By Karly Smith and Emma Sullivan

Periods do not discriminate against religion, financial stability or race. Across the world, girls and women* deal with maintaining their menstrual cycles monthly. However, there is a vast difference in ones ability to do so hygienically, due to limited access to basic menstrual products. 

With roughly half of the 3 million Australians living under the line, being women, those already in strained environments endure increased pressures to maintain their periods.

When safe and hygienic sanitary items are not available, those experiencing period poverty are forced to resort to inadequate and unhygienic alternatives.

*inclusive of all gender diverse people.

In replacement to tampons

one might use dirty socks.

In replacement to pads

one might use old rags.

 One might use plastic bags.

In replacement, one might use leaves or bark.

In replacement, one might free bleed.

In replacement, one is forced to use whatever is available to them, which may result in increased risks of bacterial infections. One may also decide to ration sanitary products by using them for extended amounts of time. Wearing tampons past the recommended safe timeframe puts users at the risk of developing Toxic Shock Syndrome, a potentially fatal condition if left untreated. 

Share The Dignity, founded by Rochelle Courtney, is an organisation that helps distribute sanitary products across Australia, aiming to give women the ‘dignity they deserve’. 

Each November, handbags full of personal care products are collected as Christmas gifts. Through their partner shelters and charitable organisations, these bags are given to homeless, at-risk and women experiencing domestic violence. 

Last year around $56,000 was raised at their annual #Run4Dignity event to help distribute more ‘Pinkboxes.’ These are free pad and tampon vending machines which are placed in schools and public toilets. 

Through the month of March and August bins are set up across the country, collecting sanitary item donations. Collection points are located in all Woolworths stores and a number of other nominated businesses found here.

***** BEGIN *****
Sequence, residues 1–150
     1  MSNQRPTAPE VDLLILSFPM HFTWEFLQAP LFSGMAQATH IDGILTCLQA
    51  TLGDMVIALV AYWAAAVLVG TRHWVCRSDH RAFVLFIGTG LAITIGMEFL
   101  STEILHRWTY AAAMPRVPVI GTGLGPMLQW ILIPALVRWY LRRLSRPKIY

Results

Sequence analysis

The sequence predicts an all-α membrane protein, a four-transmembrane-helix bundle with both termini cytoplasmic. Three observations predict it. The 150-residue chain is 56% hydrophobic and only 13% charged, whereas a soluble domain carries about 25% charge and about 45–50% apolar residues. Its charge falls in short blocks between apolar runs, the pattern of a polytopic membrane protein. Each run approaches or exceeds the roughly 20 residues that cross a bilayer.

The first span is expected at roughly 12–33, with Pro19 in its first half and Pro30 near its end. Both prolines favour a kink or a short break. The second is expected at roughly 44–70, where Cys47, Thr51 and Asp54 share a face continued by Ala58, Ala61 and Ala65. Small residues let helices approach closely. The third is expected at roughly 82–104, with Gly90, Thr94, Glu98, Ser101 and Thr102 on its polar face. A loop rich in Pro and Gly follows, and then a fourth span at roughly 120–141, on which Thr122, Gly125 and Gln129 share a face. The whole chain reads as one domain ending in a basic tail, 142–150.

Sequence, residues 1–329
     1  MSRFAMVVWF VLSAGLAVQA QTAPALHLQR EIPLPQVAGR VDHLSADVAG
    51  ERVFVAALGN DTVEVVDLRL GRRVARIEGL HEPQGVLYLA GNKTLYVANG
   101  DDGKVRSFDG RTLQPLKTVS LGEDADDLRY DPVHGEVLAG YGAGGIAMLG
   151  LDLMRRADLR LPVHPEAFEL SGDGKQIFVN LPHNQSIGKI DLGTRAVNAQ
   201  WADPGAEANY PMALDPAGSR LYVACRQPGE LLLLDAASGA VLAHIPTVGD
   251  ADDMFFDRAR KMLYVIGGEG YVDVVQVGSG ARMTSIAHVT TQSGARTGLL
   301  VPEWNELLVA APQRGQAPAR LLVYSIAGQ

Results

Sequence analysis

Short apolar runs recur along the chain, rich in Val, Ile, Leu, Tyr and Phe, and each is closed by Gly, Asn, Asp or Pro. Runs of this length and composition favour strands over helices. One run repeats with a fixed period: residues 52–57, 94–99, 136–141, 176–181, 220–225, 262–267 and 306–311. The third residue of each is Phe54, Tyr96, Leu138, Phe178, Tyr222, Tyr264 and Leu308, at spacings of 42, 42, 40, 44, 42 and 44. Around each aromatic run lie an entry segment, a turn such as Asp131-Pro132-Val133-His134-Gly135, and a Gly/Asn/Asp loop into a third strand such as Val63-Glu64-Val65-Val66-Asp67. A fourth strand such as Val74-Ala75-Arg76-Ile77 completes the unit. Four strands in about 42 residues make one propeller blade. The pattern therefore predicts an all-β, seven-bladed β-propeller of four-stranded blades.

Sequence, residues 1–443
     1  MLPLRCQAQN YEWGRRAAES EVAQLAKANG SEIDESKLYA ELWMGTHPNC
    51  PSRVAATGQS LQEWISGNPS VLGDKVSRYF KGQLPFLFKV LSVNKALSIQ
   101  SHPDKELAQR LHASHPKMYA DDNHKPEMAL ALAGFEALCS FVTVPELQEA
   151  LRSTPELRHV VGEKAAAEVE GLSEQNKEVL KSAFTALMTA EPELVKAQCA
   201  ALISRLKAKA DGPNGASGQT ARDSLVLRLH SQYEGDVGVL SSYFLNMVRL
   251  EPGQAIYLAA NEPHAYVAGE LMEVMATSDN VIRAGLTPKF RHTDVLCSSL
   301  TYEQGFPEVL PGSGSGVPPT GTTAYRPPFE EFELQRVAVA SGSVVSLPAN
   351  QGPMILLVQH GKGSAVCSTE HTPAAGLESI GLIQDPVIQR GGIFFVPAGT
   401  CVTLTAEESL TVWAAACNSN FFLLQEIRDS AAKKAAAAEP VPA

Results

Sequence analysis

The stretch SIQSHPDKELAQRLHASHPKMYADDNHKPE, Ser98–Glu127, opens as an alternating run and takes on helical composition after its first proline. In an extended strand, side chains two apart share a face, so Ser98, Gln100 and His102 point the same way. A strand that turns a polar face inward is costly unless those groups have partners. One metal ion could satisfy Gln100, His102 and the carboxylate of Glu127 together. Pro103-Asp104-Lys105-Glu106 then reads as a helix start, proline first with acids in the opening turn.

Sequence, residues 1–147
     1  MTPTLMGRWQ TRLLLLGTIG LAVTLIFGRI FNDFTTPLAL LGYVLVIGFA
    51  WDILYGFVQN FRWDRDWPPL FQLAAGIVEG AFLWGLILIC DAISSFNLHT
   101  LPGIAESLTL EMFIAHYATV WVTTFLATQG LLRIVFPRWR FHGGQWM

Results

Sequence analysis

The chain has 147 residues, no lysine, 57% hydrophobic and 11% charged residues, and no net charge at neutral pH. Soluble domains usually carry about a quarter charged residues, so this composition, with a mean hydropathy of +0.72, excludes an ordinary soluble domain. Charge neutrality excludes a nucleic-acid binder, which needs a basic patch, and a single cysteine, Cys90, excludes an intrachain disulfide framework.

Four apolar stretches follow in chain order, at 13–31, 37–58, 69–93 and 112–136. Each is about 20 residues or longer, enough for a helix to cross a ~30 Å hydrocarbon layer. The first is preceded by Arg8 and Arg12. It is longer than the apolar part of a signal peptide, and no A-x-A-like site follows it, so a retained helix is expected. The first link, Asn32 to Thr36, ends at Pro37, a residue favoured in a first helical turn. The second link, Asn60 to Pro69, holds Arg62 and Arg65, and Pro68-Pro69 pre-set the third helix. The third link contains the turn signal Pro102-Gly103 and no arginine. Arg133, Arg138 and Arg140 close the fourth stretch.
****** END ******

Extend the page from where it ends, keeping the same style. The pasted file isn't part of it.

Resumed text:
Since the organisations began in 2015, more than 3,000 menstrual cups, 160 free product vending machines and 2.4 million packets of pads and tampons have been directly distributed to charities across Australia. 

Despite these large numbers, Rochelle states that it is a ‘bandaid fix’ to an ongoing issue.

 “It’s not like we are giving women a warm jacket and it keeps her warm for years… If we did a collection and we did last August where we collected just over 200,000 packets of pads and tampons, which is an amazing number for Australians to give. But it’s really only enough to last 50,000 women for four months.” 

Rochelle will continue to try and help make sanitary items more accessible for women across Australia. Using the personal stories shared by those experiencing period poverty as a reminder of why she founded Share The Dignity.

South Australia's Commissioner for children and young People, Helen Connolly, says simply spreading awareness about the issue is not enough.

Commissioner Connolly initiated the petition ‘End Period Poverty, Period’ calling on the government, the feminine hygiene industry, and community stakeholders to work together to end period poverty permanently in South Australia.

A private members bill co-sponsored by South Australian Labor's Irene Pnevmatikos MLC and SA-BEST’s Connie Bonaros, was introduced into State Parliament in November 2019, with the aim of providing free tampons and pads at metropolitan and regional schools through South Australia. The Statutes Amendment (Free Menstrual Hygiene Products Pilot Programme) Bill formed off the back of the Commissioner for Children and Young Peoples’ “Leave No One Behind” report.

“Girls told us about missing school because they couldn’t afford sanitary products,” the report published late last year says.

Commissioner Connolly said that many of these girls do not know how to seek help to access feminine hygiene products.

“A number of girls spoke about the products being available at school, but that the process of accessing them was embarrassing and required quite a lot of self-disclosure, which many were not comfortable to provide.”

If this legislation is passed it would contribute to a decrease in the number of girls missing school during their cycles. With roughly 50+ days of the year spent menstruating, girls are missing valuable education time due to not having the ability to safely manage their periods with the most basic of sanitary items available to them.

The legislation will help to decrease the number of girls missing school during their cycles.

With roughly 50+ days of the year spent menstruating, that is valuable education time missed, due to not having the ability to safely manage their periods with the most basic of sanitary items available to them.  

Choosing between purchasing food or sanitary items is a decision one should not have to make. Missing school because you are unable to maintain your period, is a situation that no one should have to face. Using unhygienic items in replacement to menstrual products is something no one should have to endure.

Correction, August 19th 2020: fixed the spelling of Commissioner Connolly and added more context to the 'End Period Poverty, Period' petition.